12 July 2010

Idiots of Last Week: Basketball Edition

As a rule, I avoid discussing sports here. It's a political blog, after all, and I know that some of my readers find sports trivial. But the hysteria surrounding LeBron James's free-agency and his decision to join the Miami Heat shows no sign of abating. James was a high-school phenom who entered the NBA without undergoing the usual seasoning which, in baseball, requires you to play in small towns like Troy, New York, but in basketball means going to college. He was signed by the Cleveland Cavaliers and instantly became one of the country's top sports celebrities. He led Cleveland to an NBA final, but in seven seasons failed to win the championship he coveted. He became a free agent this summer and was courted by franchises from wealthy cities with desperate teams. The New York newspapers urged the owners of the Knicks and Nets to spare no expense in attempting to land James. All the interested teams attempted to acquire other talented players, believing that James would be more attracted to teams with stronger lineups, as it is his greatest desire to win a championship. The first stage of frenzy climaxed last Thursday night, when James appeared on ESPN to announce that he was going to Miami. It emerged that he and two other players, Dwayne Wade and Chris Bosh, had essentially made a pact three years earlier to time their free-agencies so they could all join the same team. This seemed to take the concept of free agency to a new level. Basketball players seemed closer to Hollywood star talents; as movies are initiated by coalitions of actors, writers and directors rather than oldschool studio moguls, so James and his two friends have not so much joined the Miami Heat but remade it in their own image. This takes us to a new stage in the evolution of professional sports, in which the alleged representative nature of any local team grows still more chimerical. Miami is only the most convenient place for James, Wade and Bosh to join forces. They are expected, in fact, to earn less money than they might in other cities. But their supreme interest is to win championships for themselves. This was probably the story's most scandalous aspect to most fan observers. Professional athletes have always wanted to win championships, but fans still think of the process in Kennedyesque terms: ask not what your team can do for you, but what you can do for your team. Franchises made huge promises to James thinking that he might help them win titles. But James, apparently, wanted the franchises, the teams, to make it easier for him to win titles. The balance of power between players and team owners appeared to shift, and fans didn't like what they saw.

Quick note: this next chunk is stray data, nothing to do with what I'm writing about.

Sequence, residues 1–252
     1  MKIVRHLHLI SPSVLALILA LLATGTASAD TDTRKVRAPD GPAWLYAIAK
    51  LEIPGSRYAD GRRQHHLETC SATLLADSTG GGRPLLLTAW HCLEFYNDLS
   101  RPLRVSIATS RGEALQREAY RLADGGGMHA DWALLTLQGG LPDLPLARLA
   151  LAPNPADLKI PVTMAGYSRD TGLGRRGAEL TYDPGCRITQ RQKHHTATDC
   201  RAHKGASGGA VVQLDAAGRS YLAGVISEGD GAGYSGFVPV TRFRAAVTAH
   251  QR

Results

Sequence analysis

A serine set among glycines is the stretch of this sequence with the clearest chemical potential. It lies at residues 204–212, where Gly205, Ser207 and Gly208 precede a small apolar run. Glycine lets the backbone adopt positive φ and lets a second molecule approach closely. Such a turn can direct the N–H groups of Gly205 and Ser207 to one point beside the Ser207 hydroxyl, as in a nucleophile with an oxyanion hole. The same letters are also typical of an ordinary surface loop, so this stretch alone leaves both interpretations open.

James's decision provoked a backlash. The Cleveland Cavaliers' owner denounced James for a "cowardly betrayal" of his onetime team, and fans in that city made a show of burning imitation James jerseys as the star watched on live TV. Sportswriters across the country expressed their dismay at the presumed selfishness of James's motives and his apparent collusion with Wade and Bosh. Over the weekend came the backlash against the backlash. Rev. Jesse Jackson found the Cavaliers' owner's rhetoric, a white man addressing a black man, reminiscent of a slave owner publishing an advertisement for the retrieval of his runaway property. Jackson appears to speak for many others who question anyone else's objections to how a brother gets paid. Finally, a black sportswriter, Jason Whitlock, denounced Jackson as a spotlight-stealing interloper who didn't know what he was talking about. His column on the subject pretty well sums up the absurdity of the whole controversy, in which, it seems, there have been no good guys. While the nation's traumatic response to these events might well look contemptibly absurd from some perspectives, it may prove another eye-opening moment of our Bailout era, another exposure of the arrogance of wealth, the entitlement mentality of "talent," and its ultimate lack of loyalty to anything greater than itself. LeBron James is most likely the right sports star for our time -- and I'm sure they love the hell out of him in Miami.

1 comment:

hobbyfan said...

This is what happens when you get too many people jumping not just on the bandwagon, but weaseling their way into the inner circle and planting bad ideas in a guy's head. I get that LeBron wants to take care of his best buddies, some of whom, if not all, have probably been in his posse since high school, but none of them actually have clue one about how to plan for the inevitable day when James is forced out of the game. How many of these hangers-on actually have 9-5 jobs outside of sponging off LeBron? As they used to say in those Tootsie Pop ads back in the day, the world may never know.